Forgot your password?  

Resources for students & teachers

This eBook from the Gutenberg Project consists of approximately 952 pages of information about Gargantua and Pantagruel.
in the very bough of the elbow of the said dexter arm, the whole cubit thereof, by leisure, fair and softly, at these thumpatory warnings, did raise and elevate itself even to the elbow, and above it; on a sudden did he then let it fall down as low as before, and after that, at certain intervals and such spaces of time, raising and abasing it, he made a show thereof to Panurge.  This so incensed Panurge that he forthwith lifted his hand to have stricken him the dumb roister and given him a sound whirret on the ear, but that the respect and reverence which he carried to the presence of Pantagruel restrained his choler and kept his fury within bounds and limits.  Then said Pantagruel, If the bare signs now vex and trouble you, how much more grievously will you be perplexed and disquieted with the real things which by them are represented and signified!  All truths agree and are consonant with one another.  This dumb fellow prophesieth and foretelleth that you will be married, cuckolded, beaten, and robbed.  As for the marriage, quoth Panurge, I yield thereto, and acknowledge the verity of that point of his prediction; as for the rest, I utterly abjure and deny it:  and believe, sir, I beseech you, if it may please you so to do, that in the matter of wives and horses never any man was predestinated to a better fortune than I.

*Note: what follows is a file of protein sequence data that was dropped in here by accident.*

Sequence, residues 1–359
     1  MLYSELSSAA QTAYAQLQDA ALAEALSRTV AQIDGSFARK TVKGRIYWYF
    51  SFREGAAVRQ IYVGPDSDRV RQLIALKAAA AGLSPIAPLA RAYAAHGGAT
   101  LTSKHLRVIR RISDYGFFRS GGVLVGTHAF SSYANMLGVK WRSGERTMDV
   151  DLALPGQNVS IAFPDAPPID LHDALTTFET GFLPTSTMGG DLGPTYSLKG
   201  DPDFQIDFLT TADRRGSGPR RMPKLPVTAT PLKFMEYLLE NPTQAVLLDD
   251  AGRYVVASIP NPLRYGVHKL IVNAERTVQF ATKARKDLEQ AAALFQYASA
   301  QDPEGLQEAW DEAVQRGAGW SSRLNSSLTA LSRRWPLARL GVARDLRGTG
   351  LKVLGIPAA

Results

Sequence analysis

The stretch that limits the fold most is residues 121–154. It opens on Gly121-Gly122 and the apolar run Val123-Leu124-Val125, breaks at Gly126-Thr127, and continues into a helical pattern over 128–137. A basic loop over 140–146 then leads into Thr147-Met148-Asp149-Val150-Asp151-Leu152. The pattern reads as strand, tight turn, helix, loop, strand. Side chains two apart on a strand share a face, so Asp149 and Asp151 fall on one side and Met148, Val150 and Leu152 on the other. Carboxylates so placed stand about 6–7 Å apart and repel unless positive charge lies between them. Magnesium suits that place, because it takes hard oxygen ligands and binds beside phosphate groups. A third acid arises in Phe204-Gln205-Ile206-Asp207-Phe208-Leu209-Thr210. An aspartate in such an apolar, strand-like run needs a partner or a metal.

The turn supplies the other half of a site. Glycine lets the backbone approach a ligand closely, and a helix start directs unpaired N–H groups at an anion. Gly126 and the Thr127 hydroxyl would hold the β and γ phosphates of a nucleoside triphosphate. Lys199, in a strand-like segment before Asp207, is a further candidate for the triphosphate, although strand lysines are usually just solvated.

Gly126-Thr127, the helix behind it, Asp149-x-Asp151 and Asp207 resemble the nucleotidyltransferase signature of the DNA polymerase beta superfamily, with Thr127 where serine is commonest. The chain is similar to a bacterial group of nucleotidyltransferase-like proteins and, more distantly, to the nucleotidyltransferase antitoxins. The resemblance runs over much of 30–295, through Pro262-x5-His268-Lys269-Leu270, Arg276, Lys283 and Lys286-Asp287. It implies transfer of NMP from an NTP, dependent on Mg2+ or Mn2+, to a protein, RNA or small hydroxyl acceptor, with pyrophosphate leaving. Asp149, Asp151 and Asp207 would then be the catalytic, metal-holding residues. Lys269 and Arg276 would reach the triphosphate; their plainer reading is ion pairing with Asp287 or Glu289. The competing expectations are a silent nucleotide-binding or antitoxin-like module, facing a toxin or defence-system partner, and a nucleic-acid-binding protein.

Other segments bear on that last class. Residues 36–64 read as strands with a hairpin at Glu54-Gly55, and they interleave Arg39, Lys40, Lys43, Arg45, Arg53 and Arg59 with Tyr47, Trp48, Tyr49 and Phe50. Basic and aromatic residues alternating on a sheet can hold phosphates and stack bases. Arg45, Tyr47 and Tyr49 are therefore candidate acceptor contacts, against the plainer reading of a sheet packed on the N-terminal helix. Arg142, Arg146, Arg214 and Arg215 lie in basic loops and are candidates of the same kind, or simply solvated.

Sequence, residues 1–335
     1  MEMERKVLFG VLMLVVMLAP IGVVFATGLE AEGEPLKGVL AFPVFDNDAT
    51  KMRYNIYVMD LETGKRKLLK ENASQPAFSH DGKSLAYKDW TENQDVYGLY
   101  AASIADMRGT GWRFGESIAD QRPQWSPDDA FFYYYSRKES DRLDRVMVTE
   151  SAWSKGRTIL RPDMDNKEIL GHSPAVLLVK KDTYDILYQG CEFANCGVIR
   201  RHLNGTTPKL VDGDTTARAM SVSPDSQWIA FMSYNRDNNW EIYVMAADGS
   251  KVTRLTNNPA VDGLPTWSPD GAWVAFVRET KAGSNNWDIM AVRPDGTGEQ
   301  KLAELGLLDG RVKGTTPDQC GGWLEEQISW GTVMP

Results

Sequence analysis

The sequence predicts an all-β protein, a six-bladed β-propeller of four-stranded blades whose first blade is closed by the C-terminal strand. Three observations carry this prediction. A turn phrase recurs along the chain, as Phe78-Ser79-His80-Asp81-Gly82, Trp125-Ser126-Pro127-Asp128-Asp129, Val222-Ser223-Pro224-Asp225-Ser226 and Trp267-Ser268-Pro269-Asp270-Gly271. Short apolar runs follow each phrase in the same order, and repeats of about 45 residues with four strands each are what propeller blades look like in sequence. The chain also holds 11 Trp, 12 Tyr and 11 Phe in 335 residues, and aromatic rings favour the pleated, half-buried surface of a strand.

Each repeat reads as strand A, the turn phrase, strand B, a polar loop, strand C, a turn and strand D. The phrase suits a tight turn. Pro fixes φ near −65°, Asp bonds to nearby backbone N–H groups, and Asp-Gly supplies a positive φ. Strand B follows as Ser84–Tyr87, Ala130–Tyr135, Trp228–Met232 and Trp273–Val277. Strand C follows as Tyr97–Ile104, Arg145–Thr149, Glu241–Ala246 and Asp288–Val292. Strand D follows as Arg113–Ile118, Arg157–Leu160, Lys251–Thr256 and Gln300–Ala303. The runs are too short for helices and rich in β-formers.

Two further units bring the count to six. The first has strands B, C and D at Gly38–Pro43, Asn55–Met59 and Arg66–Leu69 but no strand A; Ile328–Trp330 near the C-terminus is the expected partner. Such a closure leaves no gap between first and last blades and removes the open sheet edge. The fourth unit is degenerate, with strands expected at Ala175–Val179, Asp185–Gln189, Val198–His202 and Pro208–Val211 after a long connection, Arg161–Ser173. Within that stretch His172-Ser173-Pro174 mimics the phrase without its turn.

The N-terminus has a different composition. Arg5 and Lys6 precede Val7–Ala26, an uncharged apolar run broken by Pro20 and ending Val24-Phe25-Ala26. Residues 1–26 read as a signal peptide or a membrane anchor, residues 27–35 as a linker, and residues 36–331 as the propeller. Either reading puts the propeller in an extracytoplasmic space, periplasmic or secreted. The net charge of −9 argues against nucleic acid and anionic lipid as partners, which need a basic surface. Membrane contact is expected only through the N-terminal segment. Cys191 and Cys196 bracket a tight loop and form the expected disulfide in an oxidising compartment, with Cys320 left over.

Chapter 3.XXI.

How Panurge consulteth with an old French poet, named Raminagrobis.

I never thought, said Pantagruel, to have encountered with any man so headstrong in his apprehensions, or in his opinions so wilful, as I have found you to be and see you are.  Nevertheless, the better to clear and extricate your doubts, let us try all courses, and leave no stone unturned nor wind unsailed by.  Take good heed to what I am to say unto you.  The swans, which are fowls consecrated to Apollo, never chant but in the hour of their approaching death, especially in the Meander flood, which is a river that runneth along some of the territories of Phrygia.  This I say, because Aelianus and Alexander Myndius write that they had seen several swans in other places die, but never heard any of them sing or chant before their death.  However, it passeth for current that the imminent death of a swan is presaged by his foregoing song, and that no swan dieth until preallably he have sung.

After the same manner, poets, who are under the protection of Apollo, when they are drawing near their latter end do ordinarily become prophets, and by the inspiration of that god sing sweetly in vaticinating things which are to come.  It hath been likewise told me frequently, that old decrepit men upon the brinks of Charon’s banks do usher their decease with a disclosure all at ease, to those that are desirous of such informations, of the determinate and assured truth of future accidents and contingencies.  I remember also that Aristophanes, in a certain comedy of his, calleth the old folks

Follow Us on Facebook